In fact, the Gizmodo article says, “People who qualify for upgrade status and people who have an original iPhone are free to upgrade at the $199/$299 price set by Apple.” (note: “and people who have an original iPhone” is spelled out). So, it looks like the upgrade-eligible question applies to AT&T customers that are under contract for a non-iPhone device.

    That would make sense. AT&T, after all, offers a subsidy phone as a loss-leader, then makes that money back up (in spades) with the wireless service revenue. In the case of the iPhone owners who are not eligible, I imagine Apple had some pretty strong stipulations for those customers since they’re the leading adopters and are the one who will certainly convince many future/new iPhone users to make the move with the new model.

  7. OUCH! I stand corrected on the date. I really did think it was 7/11, so why would I have looked it up? Thanks for the correction!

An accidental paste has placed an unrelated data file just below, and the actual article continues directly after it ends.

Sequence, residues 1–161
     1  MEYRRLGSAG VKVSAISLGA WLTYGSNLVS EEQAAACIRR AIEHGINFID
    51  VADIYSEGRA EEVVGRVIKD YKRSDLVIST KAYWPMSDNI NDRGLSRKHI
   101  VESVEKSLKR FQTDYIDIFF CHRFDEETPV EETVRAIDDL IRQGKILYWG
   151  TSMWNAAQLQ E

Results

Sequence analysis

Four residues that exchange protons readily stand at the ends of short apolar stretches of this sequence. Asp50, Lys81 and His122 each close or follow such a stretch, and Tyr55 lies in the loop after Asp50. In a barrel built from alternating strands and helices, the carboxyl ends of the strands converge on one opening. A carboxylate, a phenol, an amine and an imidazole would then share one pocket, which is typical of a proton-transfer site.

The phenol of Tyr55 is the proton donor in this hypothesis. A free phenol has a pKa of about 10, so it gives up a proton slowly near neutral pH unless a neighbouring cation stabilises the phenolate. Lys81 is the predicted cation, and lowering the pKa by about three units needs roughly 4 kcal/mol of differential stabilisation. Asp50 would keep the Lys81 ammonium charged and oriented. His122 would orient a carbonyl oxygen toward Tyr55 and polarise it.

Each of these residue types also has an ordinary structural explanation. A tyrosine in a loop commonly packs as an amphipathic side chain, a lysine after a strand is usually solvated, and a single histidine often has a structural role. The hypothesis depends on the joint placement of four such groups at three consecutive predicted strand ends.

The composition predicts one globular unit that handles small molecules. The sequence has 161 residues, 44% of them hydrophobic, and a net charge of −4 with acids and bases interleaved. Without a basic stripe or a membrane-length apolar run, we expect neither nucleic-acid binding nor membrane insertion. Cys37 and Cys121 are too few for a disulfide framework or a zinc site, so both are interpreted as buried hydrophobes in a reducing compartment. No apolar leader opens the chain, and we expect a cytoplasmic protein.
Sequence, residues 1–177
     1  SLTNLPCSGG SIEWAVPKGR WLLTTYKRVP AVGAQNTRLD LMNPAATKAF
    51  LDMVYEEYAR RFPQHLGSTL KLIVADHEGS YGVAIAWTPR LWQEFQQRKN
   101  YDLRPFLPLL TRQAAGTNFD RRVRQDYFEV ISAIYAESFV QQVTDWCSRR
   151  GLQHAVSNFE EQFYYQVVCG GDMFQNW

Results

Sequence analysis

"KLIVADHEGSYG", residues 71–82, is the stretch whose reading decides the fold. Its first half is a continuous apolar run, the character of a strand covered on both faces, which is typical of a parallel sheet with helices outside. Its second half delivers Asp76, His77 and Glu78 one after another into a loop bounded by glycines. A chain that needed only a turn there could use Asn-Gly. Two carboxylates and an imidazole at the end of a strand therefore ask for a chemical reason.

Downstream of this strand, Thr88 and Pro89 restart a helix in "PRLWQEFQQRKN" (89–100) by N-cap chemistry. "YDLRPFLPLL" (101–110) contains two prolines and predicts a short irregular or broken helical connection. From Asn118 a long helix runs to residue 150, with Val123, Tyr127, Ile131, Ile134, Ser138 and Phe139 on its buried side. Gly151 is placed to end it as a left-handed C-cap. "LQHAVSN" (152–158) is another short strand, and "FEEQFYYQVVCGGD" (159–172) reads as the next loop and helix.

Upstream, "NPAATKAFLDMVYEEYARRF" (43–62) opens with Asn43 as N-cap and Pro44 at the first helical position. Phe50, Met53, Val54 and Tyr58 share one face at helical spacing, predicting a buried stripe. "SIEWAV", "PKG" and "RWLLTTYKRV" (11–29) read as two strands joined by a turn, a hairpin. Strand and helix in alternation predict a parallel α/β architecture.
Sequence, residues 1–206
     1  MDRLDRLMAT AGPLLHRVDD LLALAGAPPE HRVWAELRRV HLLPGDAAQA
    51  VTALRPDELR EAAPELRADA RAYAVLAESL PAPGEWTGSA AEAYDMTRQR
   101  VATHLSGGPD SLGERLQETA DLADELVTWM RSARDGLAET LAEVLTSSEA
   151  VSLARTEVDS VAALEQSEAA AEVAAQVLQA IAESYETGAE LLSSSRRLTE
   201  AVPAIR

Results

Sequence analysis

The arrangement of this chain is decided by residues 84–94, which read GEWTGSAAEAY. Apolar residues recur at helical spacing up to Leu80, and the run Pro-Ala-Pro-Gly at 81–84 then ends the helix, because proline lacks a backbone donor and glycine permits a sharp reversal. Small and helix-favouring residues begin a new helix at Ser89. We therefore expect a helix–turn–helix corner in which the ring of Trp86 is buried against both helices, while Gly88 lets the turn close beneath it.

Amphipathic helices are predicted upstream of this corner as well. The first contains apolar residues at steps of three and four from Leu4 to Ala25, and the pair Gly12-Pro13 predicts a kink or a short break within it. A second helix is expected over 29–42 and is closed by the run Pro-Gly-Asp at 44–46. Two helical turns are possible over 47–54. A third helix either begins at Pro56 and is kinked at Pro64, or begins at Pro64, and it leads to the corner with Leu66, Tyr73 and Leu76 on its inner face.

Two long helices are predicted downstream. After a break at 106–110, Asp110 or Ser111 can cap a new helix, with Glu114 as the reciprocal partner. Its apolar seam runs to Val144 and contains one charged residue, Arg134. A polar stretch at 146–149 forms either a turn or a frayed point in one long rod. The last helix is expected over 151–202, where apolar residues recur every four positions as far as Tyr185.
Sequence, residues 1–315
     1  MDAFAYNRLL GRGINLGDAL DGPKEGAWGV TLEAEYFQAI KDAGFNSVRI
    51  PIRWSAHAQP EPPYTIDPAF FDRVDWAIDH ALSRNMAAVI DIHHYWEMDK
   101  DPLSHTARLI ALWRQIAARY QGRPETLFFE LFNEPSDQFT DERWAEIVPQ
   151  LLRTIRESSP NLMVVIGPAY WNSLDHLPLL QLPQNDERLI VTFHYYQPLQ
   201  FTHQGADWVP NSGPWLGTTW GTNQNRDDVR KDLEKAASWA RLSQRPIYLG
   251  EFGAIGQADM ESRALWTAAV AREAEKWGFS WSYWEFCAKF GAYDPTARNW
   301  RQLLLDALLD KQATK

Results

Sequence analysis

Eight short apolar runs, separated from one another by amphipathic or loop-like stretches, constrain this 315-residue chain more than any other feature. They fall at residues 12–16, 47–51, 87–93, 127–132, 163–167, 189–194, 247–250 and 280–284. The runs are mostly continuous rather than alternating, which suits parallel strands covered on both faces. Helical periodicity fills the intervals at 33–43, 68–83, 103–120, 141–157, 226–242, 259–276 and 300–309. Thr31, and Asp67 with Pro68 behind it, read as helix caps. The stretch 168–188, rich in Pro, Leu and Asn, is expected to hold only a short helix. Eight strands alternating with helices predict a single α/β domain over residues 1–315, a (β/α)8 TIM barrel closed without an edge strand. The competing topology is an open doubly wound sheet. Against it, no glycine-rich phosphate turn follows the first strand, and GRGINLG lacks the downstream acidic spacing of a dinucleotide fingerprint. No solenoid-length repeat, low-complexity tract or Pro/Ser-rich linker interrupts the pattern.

8. I’ll find it very hard to believe if everyone doesn’t receive the subsidized $199/299 price on July 11th, even existing AT&T customers with non-iPhone contracts.

    It doesn’t make business sense to throw a roadblock in front of people that are excited about the new iPhone and are willing to pay a higher price for the new data plan. No other phone is going to generate this amount of interest at AT&T – does any one line up at the AT&T store for the new Win Mobile or BB phone – no.

    Regardless, my upgrade date on my BB 8800 is 8/24/08 – if I have to wait til then to get an iPhone, I guess I’ll wait.

  9. Sorry, not buying it until it can Sling. A girl’s gotta have her priorities.

  10. I agree 100% ChrisR. To me it makes business sense to allow current AT&T customers to purchase the Iphone at the 199299 price.

    AT&T then profits from folks adding data plans and locking in for 2 years from 7/11. It’s a win for Apple as far as market share. I think if Apple wants to recoup from not selling Iphones for 6 weeks they need to make that price point available for everyone regardless of their contract status with AT&T. My 2 cents.